Background: Direct observation of clinical task performance plays a pivotal role in competency-based medical education. Although formal guidelines require supervisors to engage in direct observations, research demonstrates that trainees are infrequently observed. Supervisors may not only experience practical and socio-cultural barriers to direct observations in healthcare settings, they may also question usefulness or have low perceived self-efficacy in performing direct observations. A better understanding of how these multiple factors interact to influence supervisors' intention to perform direct observations may help us to more effectively implement the aforementioned guidelines and increase the frequency of direct observations.
Methods: We conducted an exploratory quantitative study, using the Theory of Planned Behaviour (TPB) as our theoretical framework. In applying the TPB, we transfer a psychological theory to medical education to get insight in the influence of cognitive and emotional processes on intentions to use direct observations in workplace based learning and assessment. We developed an instrument to investigate supervisors intention to perform direct observations. The relationships between the TPB measures of our questionnaire were explored by computing bivariate correlations using Pearson's R tests. Hierarchical regression analysis was performed in order to assess the impact of the respective TPB measures as predictors on the intention to perform direct observations.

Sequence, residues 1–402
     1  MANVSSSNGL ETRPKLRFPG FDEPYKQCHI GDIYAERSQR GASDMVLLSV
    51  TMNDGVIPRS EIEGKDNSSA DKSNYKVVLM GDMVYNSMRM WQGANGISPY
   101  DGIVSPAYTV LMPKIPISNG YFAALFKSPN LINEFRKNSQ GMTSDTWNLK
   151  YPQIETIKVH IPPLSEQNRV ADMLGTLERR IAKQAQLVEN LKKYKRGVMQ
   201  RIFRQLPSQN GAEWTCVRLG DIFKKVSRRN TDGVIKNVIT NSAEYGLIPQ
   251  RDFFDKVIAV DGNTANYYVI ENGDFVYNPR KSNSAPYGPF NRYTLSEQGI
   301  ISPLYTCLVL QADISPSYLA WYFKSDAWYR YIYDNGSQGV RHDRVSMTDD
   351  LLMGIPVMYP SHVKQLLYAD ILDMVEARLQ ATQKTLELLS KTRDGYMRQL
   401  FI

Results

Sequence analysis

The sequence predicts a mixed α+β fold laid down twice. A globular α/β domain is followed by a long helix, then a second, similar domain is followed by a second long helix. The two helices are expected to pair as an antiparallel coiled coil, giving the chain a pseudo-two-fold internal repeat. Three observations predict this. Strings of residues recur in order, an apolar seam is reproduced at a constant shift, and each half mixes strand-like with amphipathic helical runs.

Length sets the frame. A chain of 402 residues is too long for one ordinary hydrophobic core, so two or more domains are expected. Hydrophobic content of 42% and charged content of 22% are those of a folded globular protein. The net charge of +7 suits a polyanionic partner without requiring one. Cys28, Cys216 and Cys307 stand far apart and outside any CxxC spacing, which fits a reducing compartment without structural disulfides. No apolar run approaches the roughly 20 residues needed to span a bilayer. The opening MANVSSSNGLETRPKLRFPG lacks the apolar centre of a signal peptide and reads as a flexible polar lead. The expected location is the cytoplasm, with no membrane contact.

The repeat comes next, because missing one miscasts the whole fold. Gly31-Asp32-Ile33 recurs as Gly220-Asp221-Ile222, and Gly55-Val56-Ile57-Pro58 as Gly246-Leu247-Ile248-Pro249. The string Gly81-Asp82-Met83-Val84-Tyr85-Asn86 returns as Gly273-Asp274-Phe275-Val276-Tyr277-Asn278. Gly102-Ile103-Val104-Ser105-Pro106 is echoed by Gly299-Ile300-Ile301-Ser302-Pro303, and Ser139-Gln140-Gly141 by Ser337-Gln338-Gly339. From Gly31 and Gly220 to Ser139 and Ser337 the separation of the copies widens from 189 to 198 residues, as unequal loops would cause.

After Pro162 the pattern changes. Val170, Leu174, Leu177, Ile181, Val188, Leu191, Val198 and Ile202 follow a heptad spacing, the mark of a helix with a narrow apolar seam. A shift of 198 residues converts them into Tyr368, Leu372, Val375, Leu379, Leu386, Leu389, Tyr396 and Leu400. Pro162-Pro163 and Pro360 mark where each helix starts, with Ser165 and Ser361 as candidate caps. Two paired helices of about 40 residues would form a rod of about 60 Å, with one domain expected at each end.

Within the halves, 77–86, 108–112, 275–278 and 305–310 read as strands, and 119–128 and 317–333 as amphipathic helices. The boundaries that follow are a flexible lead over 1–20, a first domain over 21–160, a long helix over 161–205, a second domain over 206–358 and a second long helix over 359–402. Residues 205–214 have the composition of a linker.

Results: In our study 82 GP supervisors completed our TPB questionnaire. We found that supervisors had a positive attitude towards direct observations. Our TPB model explained 45% of the variance in supervisors' intentions to perform them. Normative beliefs and past behaviour were significant determinants of this intention.
Conclusion: Our study suggests that supervisors use their past experiences to form intentions to perform direct observations in a careful, thoughtful manner and, in doing so, also take the preferences of the learner and other stakeholders potentially engaged in direct observations into consideration. These findings have potential implications for research into work-based assessments and the development of training interventions to foster a shared mental model on the use of direct observations.
Keywords: Assessor cognition; Attitude of health personnel; Clinical competence; Competency based medical education; Education, medical, graduate; Observations; Theory of planned behaviour; Workplace-based assessment and learning.